The Problem with Cyprus' New New Deal

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After widespread anger over the plan to tax regular people's bank accounts to pay for a big bank bailout, Cyprus's government reworked to the deal to protect small savers. Unfortunately, the new tax plan is unlikely to change anyone's mind about the fairness of having their savings taken away.

To quickly recap, it was determined over the weekend that Cyprus's banks would need a 10 billion-euro package to shore up their financial situation. Much of that would come from central bank loans, but the biggest chunk—about 5.8 billion euros—would have to be raised by the government in Nicosia. To make up the bulk of the shortfall, the government would drop a one-time tax levy on all bank deposits, including those that are supposed to be fully insured.

The original plan was to tax everything above 100,000 euros at 9.9 percent, and everyone below that mark at the lower rate of 6.75. (100,000 euros being the cutoff for the insured limits.) The new version would keep that original plan in place, but exempt all savings below 20,000 euros, protecting the poorest Cypriots from the levy. The problem, as has been noted, is that if other rates in the plan remain unchanged, they'll never raise all of the money needed to meet their share of the bailout.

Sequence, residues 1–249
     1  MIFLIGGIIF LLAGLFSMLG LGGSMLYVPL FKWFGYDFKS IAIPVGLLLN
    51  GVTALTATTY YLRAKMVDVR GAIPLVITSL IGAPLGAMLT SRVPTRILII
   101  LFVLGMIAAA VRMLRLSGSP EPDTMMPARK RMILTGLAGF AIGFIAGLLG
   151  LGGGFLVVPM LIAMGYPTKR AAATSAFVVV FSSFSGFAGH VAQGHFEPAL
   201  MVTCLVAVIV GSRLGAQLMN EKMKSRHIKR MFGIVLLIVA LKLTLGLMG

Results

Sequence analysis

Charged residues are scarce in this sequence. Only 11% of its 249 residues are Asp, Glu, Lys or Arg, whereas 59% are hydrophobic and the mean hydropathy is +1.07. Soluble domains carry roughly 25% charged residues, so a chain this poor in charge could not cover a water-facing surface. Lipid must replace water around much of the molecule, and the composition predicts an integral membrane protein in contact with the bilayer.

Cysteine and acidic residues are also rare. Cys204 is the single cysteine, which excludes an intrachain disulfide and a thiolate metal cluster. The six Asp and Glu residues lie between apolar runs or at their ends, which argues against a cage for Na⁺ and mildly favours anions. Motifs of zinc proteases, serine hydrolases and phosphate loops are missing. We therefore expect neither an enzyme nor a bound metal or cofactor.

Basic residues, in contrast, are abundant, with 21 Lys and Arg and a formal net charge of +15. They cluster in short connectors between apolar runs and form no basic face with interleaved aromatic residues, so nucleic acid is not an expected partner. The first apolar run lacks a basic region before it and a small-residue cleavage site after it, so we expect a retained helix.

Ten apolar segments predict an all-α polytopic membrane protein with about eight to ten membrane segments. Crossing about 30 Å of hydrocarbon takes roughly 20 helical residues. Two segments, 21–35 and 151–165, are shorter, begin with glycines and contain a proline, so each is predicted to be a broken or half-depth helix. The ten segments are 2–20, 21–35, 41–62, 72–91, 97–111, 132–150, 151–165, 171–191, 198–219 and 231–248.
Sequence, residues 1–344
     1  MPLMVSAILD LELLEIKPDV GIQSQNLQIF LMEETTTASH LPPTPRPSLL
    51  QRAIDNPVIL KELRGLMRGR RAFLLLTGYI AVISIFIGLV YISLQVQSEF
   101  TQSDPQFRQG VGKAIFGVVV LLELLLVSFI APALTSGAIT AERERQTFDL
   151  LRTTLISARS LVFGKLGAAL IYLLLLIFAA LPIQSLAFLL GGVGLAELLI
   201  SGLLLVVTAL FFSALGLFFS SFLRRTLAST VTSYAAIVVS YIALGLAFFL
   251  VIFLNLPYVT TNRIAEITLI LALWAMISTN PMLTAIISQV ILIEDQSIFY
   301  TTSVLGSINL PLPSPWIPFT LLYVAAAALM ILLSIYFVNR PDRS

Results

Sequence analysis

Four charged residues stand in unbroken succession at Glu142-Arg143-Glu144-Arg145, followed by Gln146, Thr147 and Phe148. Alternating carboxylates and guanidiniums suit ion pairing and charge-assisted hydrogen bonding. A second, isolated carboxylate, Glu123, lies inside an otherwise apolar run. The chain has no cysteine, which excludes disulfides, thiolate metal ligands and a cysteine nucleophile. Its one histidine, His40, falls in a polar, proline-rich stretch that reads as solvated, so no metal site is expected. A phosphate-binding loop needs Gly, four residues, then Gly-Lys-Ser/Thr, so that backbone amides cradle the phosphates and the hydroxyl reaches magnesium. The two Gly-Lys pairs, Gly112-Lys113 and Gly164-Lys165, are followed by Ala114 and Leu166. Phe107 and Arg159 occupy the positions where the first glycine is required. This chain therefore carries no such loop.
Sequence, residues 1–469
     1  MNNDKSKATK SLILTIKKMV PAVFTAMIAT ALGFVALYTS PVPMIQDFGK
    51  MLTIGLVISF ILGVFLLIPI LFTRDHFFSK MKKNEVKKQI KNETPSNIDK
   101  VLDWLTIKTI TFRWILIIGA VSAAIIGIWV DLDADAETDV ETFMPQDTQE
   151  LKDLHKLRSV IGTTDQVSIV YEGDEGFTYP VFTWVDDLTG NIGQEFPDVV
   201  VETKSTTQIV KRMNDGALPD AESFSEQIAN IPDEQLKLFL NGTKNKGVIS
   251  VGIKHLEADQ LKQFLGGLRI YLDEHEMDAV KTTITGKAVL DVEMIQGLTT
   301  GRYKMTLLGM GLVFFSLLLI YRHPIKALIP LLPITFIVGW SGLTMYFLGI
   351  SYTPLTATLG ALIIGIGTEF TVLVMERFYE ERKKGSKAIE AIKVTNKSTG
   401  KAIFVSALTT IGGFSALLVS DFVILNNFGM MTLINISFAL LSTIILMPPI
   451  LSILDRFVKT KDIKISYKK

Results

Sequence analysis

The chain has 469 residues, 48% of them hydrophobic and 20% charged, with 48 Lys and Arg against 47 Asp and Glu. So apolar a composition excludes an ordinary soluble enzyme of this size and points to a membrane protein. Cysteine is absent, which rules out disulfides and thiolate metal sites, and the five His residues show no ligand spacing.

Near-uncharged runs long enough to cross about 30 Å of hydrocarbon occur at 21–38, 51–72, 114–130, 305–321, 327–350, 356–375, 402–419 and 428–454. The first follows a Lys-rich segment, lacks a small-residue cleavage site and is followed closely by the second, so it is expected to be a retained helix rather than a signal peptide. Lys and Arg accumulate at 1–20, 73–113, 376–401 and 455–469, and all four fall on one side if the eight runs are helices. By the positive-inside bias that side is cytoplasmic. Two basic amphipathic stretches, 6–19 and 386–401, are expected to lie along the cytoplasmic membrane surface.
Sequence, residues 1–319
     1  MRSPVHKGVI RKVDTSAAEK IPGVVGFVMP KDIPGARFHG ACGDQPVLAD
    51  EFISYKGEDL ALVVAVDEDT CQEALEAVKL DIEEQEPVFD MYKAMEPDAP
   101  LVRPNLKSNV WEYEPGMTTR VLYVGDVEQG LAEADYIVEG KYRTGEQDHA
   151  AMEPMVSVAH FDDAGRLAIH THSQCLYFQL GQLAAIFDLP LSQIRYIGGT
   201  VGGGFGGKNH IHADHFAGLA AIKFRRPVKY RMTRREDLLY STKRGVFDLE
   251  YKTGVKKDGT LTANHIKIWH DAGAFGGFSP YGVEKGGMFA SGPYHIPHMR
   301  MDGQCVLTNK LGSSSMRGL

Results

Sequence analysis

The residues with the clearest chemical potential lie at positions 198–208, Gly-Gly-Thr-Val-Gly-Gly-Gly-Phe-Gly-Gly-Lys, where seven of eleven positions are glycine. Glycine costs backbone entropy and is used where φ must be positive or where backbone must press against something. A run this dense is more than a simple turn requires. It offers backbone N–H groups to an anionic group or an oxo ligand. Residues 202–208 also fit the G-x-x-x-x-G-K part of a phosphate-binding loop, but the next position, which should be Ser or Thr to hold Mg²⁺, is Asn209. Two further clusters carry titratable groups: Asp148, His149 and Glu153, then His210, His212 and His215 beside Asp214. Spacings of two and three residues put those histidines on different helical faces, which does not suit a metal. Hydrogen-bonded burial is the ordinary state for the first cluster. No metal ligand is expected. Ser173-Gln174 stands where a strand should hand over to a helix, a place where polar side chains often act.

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The Cyprus parliament was supposed to vote on the revised measure today, but it looks like that vote will be postponed once again, since, at the moment, there appears to be no way it will pass. Even the updated version is deeply unappealing to regular citizens, not to mention the Russians, who have parked billions of dollars worth of deposits into the island tax haven. If the parliament can't approve the deal it will be back to drawing board, where a new plan will have to be devised. Or they can just wait for the whole country to collapse and then pick up the pieces later.

Meanwhile, banks in Cyprus have been closed since last Friday, limiting people to only what they can get out of their neighborhood ATMs. They've held up to threats of a bank run so far, but if everyone decides they'd rather take their money elsewhere, the first day back in business (Thursday, tentatively) will be an interesting one.

UPDATE 12:21 p.m.: The Cypriot Finance Minister has resigned or was possibly fired or quit before they could fire him. That move was to be expected, but the timing is worrisome since he was reportedly going to Russia to negotiate an extension on an earlier loan the country desperately needs right now. Plus, it should be all-hand-on decks to fix the current crisis and they can't afford to lose key government players right now.

And it another tidbit that seems lifted from a James Bond movie, the British government is physically airlifting 1 million euro notes (a currency it doesn't even use) to make sure soliders stationed on the island don't run out of money before (or right after) the banks reopen. They will also repay the soliders for any money lost to the deposit tax, if they're using Cypriot banks.

UPDATE 2:25 p.m.: The Cyprus Parliament rejected the tax on bank deposits by a vote of 36-19.

This article is from the archive of our partner The Wire.